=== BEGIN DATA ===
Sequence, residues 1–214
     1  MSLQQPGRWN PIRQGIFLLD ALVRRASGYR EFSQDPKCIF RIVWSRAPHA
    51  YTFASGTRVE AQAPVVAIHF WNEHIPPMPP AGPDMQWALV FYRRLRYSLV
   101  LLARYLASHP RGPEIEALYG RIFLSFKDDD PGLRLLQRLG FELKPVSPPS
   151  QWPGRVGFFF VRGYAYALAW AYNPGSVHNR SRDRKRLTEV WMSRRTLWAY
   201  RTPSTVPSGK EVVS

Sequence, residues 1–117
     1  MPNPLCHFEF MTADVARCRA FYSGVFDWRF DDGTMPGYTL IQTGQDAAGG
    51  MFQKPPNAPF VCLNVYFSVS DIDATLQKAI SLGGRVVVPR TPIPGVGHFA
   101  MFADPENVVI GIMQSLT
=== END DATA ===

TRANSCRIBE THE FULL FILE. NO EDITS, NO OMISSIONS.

Sequence, residues 1–214
     1  MSLQQPGRWN PIRQGIFLLD ALVRRASGYR EFSQDPKCIF RIVWSRAPHA
    51  YTFASGTRVE AQAPVVAIHF WNEHIPPMPP AGPDMQWALV FYRRLRYSLV
   101  LLARYLASHP RGPEIEALYG RIFLSFKDDD PGLRLLQRLG FELKPVSPPS
   151  QWPGRVGFFF VRGYAYALAW AYNPGSVHNR SRDRKRLTEV WMSRRTLWAY
   201  RTPSTVPSGK EVVS

Sequence, residues 1–117
     1  MPNPLCHFEF MTADVARCRA FYSGVFDWRF DDGTMPGYTL IQTGQDAAGG
    51  MFQKPPNAPF VCLNVYFSVS DIDATLQKAI SLGGRVVVPR TPIPGVGHFA
   101  MFADPENVVI GIMQSLT